Turkish Cypriots: between the devil and the deep blue sea – Amanda Paul

As many other people, I was disappointed by Prime Minister Recep Tayyip Erdoğan’s reaction to a protest staged by Turkish Cypriots on Jan. 28. Erdoğan’s belittling and threatening statement accusing Turkish Cypriots of insulting Turkey and its government and urging the Turkish Cypriot authorities to track down those responsible, in particular those who had held banners criticizing Turkey’s intervention in their affairs, was shocking.
 

Erdoğan, whose words were backed up by at least two of his ministers, was furious that Turkish Cypriots dared to criticize Ankara. While Erdoğan’s reaction was condemned by opposition leader Kemal Kılıçdaroğlu and viewed rather negatively by many in the international community, many Turks seemed to support the prime minister.

Erdoğan’s comments have left even the most Justice and Development Party (AK Party)-friendly Turkish Cypriots feeling angry. It is therefore not surprising that the headline “Who do you think you are?” appeared in a number of newspapers. Turkish Cypriot leader Derviş Eroğlu responded to Erdoğan’s complaints by issuing a statement calling on people to be responsible in their protests and saying that demonstrations targeting Turkey and its government cannot be accepted. For Turkish Cypriots, who are not used to having restrictions placed on their democracy and freedoms, these apparent efforts to narrow and muzzle their sphere of democracy has been a real eye-opener. A second, and apparently much larger protest, is to be staged on March 2. It seems Tahir Square is being followed by İnönü Square. With tensions rising, if no precautionary measures are taken, it risks turning into an ugly battle between Turkish Cypriots and mainland Turks.

Northern Cyprus is not (yet) a colony of Turkey, although Ankara seems to have been trying to transform the Turkish Cypriot culture for years. There seems to be a presumption among ordinary Turks that Turkish Cypriots are happy with Turkey’s role on the island, being increasingly viewed as the 82nd province of Turkey, and that they should be eternally grateful for having such a kind and generous big brother guarding them. Jan. 28 has shaken this perception. In all the years I have been following Cyprus I don’t ever remember Turkish Cypriots publically expressing their unhappiness about Turkey’s role in their affairs, let alone waving a Republic of Cyprus flag, until now. Some may have grumbled behind closed doors, but not publically. After all, with Ankara signing a nice big check every year to keep the north financially buoyant, this seemed to dictate that Turkish Cypriots should keep tight-lipped over Turkey’s increasing footprint in the north.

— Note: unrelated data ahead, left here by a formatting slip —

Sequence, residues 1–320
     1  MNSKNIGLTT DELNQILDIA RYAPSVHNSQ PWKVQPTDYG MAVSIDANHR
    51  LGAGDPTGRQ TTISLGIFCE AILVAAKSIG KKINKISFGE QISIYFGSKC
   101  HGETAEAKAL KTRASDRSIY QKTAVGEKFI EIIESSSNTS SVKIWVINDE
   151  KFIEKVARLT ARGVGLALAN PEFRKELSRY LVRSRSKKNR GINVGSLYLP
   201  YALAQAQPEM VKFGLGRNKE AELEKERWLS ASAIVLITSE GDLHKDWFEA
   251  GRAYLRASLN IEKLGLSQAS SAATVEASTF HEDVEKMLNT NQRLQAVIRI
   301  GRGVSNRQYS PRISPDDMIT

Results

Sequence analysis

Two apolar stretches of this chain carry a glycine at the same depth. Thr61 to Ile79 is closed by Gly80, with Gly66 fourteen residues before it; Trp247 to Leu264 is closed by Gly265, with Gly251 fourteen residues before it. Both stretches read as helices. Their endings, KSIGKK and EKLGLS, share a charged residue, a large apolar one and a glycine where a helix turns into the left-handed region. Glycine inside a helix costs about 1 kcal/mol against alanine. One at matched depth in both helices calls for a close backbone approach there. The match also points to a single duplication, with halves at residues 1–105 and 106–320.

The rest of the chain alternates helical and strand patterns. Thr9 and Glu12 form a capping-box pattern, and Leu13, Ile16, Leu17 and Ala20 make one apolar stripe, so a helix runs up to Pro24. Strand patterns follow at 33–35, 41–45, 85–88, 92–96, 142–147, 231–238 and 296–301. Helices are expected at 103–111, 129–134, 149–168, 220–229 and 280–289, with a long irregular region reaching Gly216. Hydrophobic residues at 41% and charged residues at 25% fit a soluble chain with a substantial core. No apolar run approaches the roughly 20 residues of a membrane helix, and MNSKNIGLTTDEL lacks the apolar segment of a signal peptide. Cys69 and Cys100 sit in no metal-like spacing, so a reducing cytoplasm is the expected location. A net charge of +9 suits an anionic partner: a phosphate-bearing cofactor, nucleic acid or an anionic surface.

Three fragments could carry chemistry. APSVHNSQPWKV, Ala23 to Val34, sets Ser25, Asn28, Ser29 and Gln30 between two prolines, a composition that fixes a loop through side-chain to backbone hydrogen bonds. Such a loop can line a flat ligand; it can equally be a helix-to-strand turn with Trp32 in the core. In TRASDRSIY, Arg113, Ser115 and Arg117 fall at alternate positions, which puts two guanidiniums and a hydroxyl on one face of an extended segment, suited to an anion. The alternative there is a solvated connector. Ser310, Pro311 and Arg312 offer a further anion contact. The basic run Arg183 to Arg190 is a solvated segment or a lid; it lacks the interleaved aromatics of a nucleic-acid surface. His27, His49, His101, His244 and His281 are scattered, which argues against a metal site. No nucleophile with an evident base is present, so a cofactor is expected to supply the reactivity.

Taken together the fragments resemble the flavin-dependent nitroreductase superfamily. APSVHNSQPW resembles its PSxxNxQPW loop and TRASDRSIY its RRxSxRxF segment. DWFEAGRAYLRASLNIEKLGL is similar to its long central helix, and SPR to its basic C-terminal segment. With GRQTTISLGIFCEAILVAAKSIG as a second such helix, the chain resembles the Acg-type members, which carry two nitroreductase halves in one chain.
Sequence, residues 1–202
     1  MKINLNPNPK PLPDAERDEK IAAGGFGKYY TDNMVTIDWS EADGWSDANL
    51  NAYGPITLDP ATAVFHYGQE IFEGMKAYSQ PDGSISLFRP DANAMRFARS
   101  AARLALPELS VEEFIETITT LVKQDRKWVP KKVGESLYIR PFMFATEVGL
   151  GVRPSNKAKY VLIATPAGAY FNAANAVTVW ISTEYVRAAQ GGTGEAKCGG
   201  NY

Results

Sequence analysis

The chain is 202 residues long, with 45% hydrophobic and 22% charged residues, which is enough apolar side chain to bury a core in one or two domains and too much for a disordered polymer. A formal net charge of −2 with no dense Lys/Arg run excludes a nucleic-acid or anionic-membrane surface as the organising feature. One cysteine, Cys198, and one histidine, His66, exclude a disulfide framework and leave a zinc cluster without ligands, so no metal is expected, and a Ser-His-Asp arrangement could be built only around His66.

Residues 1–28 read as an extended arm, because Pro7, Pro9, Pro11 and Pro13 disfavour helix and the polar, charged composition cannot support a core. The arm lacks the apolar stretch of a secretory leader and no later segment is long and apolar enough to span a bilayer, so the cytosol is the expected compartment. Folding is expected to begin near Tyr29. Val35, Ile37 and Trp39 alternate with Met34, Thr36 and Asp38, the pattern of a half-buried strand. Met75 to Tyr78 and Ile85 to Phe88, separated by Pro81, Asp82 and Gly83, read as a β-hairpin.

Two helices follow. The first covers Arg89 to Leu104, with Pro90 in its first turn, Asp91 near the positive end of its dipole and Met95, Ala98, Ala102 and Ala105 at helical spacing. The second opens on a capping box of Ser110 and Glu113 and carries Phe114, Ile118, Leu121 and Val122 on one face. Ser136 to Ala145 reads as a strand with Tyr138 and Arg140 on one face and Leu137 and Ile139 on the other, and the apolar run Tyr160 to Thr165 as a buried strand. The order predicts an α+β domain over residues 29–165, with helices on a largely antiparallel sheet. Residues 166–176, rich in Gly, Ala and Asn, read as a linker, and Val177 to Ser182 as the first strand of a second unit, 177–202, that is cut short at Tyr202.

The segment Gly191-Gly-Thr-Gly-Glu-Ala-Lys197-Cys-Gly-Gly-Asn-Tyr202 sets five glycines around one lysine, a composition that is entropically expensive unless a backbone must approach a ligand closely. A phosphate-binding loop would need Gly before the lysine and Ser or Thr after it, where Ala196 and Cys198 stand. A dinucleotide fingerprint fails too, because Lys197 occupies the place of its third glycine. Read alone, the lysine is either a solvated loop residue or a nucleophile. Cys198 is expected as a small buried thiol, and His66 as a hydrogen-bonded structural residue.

An increasing number of Turkish Cypriots seem to be getting fed up. Now a minority in the north thanks to the massive number of Turkish settlers (the precise number is seemingly unknown), they feel like foreigners in their own country. They are sick of being isolated, having to cow-tow to Ankara, being let down by the international community and by many Greek Cypriots (but certainly not all) treating them like second-class citizens.

The only way out is to reach a peace deal with the Greek Cypriots to reunify the island. Negotiations have been going on since 2008, and no one is over-optimistic. While the Turkish Cypriot side feels confident that a provisional agreement could be reached in the next couple of months — indeed, they submitted such a roadmap to the UN secretary-general in Geneva in January — the Greek Cypriots remain opposed to strict deadlines and timeframes. They seem happy to go on negotiating forever unless someone, somewhere starts to put some pressure on.

However, if by December 2011 there is no deal, it seems likely the talks will collapse and there may not be another opportunity for some time, if ever, with time working against Cyprus. What will happen to Turkish Cypriots then, given that international recognition seems highly unlikely? Turkey may convince a few “friends” to recognize it, but in real terms this will not much change the lives of ordinary Turkish Cypriots. Or Turkey may just move to “absorb” the north. With EU talks on the rocks, it would seem Turkey has little incentive to do otherwise. Indeed, the recent replacement of the Turkish ambassador by a non-diplomat could be a milestone on the road to de jure annexation.

Of course there could be another explanation for the recent events. You could conclude that Erdoğan’s over-the-top reaction was deliberate. He is beginning to the pave the road for a Cyprus deal by trying to create a division between mainland Turks and Turkish Cypriots in order to save face when Turkey accepts a compromised Cyprus solution.

However, if this is not the case, I would advise the Greek Cypriots to perhaps accelerate their efforts because if it is Turkey’s intention to make northern Cyprus their 82nd province, it will not only affect the lives of Turkish Cypriots but also Greek Cypriots in a whole range of ways: illegal migration, security, investment and probably put the brakes on their hoped for oil/gas exploration, too.

Today’s Zaman

a.paul@todayszaman.com

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